them to use their intellectual abilities to understand the natural world.
Science provides an authentic context in which students can use and develop
literacy skills.
In the science work, because it was hands-on and it was tangible, I saw the things that
I wanted them to do as readers and writers happen naturally in their science notebooks and their science talk.
Kirsten Shrout, teacher, personal interview
Science is so important to literacy because you need to write for a reason. You need
to read for a reason, especially when the kids are trying to further their knowledge as
they go along.
Gizelle Dizon, teacher, personal interview
What we are proposing in this book not only comes from what we know about classroom practice from expert practitioners but also draws support from what we know
about the nature of scientific practice and the growing body of research on learning.
Scientists study the natural world and attempt to explain why things are the way they
are, determine how things work, and predict what will happen if . . . Children also try to
make sense of the world around them. For children and scientists alike, doing science
begins with direct experience with phenomena. But doing science is more than direct

Introduction

experience; it is a process of inquiry where understanding is constructed from experience using a creative and logical process of scientific reasoning.
There is a growing body of research that provides important new perspectives on
student science learning that suggests this reexamination of how science is taught
and, in particular, the development of student reasoning skills. As stated in the very
important book Ready, Set, Science!, Cognitive researchers have become much more
sophisticated in probing childrens capabilities. In the process, they have uncovered
much richer stores of knowledge and reasoning skills than they expected to find in
young children (Michaels, Shouse, and Schweingruber 2007, 6). Additional research
suggests that languagechildrens talk, their writing, and their readingplays an
important role in learning science and other subjects. And there is a small but growing research base that suggests that the reverse is also true: students literacy skills
improve when they are applied in science.
An important perspective in these chapters is that there is a common pedagogical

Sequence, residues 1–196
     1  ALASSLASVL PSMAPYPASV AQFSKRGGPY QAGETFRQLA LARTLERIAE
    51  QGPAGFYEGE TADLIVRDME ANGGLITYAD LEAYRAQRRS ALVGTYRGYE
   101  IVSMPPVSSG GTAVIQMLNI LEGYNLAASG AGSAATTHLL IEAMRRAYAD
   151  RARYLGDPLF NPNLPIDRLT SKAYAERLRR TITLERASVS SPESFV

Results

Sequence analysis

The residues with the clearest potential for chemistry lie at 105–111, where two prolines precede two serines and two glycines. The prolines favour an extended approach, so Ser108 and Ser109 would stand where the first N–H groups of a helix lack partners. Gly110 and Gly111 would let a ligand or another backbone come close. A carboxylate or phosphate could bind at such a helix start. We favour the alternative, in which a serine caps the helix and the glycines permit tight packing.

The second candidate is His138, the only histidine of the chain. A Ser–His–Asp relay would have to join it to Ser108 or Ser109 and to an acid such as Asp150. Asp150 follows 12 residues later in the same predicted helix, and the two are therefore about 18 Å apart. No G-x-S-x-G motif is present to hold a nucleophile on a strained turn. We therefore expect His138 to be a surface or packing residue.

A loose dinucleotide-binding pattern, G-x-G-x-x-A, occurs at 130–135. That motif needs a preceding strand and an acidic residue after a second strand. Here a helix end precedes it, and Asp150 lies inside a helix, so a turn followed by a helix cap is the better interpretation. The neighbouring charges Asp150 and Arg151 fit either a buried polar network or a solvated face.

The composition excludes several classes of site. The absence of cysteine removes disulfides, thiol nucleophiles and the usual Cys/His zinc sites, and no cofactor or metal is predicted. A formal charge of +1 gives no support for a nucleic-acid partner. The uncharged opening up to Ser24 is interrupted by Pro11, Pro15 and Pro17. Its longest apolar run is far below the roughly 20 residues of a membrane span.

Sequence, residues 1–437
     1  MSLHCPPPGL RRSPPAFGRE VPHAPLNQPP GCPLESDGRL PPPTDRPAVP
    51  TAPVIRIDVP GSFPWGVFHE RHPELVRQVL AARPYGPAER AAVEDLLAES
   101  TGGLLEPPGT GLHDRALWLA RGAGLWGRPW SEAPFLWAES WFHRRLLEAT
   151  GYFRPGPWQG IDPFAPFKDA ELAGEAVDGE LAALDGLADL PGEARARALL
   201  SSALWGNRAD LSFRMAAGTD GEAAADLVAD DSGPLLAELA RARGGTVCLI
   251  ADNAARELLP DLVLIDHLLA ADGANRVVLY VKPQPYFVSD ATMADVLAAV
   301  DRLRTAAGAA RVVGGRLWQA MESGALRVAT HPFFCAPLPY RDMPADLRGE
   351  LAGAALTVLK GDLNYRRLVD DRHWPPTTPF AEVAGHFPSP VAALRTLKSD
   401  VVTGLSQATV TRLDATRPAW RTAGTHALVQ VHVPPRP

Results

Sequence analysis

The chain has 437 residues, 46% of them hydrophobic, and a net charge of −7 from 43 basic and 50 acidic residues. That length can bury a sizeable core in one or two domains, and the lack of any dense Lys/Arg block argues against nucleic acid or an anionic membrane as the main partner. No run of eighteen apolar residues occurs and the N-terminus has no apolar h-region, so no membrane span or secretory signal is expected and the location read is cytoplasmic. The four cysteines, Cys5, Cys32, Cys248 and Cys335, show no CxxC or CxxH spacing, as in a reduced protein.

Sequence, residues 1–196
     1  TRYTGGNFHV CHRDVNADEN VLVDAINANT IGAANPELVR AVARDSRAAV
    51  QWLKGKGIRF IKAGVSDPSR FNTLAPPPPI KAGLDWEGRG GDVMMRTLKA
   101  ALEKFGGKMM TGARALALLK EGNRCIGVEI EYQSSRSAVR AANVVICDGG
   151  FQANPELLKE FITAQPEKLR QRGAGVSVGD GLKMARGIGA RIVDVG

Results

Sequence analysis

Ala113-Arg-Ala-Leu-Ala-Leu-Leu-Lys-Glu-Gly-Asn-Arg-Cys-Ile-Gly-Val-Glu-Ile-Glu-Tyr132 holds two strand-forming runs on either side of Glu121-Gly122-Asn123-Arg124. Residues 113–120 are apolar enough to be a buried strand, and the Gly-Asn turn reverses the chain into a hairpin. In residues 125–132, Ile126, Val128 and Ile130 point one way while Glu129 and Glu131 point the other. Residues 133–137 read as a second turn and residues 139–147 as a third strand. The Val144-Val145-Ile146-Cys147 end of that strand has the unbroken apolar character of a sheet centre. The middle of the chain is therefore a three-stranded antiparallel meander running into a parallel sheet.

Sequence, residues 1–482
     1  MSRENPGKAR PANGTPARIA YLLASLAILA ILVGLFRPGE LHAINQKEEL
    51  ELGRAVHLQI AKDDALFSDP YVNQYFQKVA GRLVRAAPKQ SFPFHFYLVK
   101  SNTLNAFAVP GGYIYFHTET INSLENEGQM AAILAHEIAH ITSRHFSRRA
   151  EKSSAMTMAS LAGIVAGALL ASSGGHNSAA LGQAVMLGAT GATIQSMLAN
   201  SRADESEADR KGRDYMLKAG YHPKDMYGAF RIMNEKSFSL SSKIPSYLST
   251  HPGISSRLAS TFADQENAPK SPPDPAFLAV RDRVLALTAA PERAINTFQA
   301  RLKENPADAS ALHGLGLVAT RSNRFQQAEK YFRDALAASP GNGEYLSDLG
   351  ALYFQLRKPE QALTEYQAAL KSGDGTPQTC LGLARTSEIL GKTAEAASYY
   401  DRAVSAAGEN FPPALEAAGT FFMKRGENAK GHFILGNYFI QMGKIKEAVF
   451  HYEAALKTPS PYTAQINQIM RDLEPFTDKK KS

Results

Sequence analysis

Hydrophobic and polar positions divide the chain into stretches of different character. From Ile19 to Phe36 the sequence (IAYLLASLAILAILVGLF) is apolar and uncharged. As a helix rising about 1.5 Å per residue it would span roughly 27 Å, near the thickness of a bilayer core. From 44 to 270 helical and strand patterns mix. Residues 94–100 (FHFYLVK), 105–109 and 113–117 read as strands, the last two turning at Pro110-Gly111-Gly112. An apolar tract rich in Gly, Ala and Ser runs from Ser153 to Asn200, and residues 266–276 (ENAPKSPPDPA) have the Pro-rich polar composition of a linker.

basis to an inquiry-based approach to science teaching and a balanced approach to
literacy teaching. It comes from current research in learning that points to the importance of actively engaging students in their learning and challenging them to think,
reason, and take responsibility for that learning. It is this common basis that makes
possible many connections between science and literacy instruction in the classroom.
I found that when they were working in science, theyd sit around a table and be working on an activity or observing what was happening as they were putting batteries and
bulbs together, and those conversations would naturally come up. It was interesting to
sometimes just sit back and watch the kids talking. Id say to myself, Oh, we worked
on that in reading and here theyre doing it just naturally around the table. It wasnt
something that I had to teach a lot during science.
Kirsten Shrout, teacher, personal interview
This book focuses on the role and use of talk and writing in science. This is not to
suggest that reading is unimportant in science; on the contrary, scientists spend many
hours reading about the subject of their research. They build on the ideas of others as
well as devise ways to challenge them. Students do need to learn to read critically. They
need to gather information and compare their ideas with those of others. They need to
learn how others have gone about their work and to experience the ways in which the
natural world is described in literature. However, we have not addressed reading here
because the use of books in science instruction has been discussed by many educators
(see For Further Reading at the end of Chapter 2, Balanced Literacy and Science
Inquiry). In addition, elementary teachers are more comfortable with the use of books
than they are with writing and talk in science. And finally, the role of books in the
development of scientific reasoning skills is less critical than that of writing and talk.

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Introduction

Nor do these chapters cover all the talk and writing that takes place in the science
classroom. Small-group discussions, for example, are not emphasized nor are the rich
class discussions about planning and designing investigations. We hope you will go
beyond what is here and think about these and many other connections between science and literacy that can be implemented in the classroom. This book is written for
the upper elementary years, but teachers of younger children will find much that is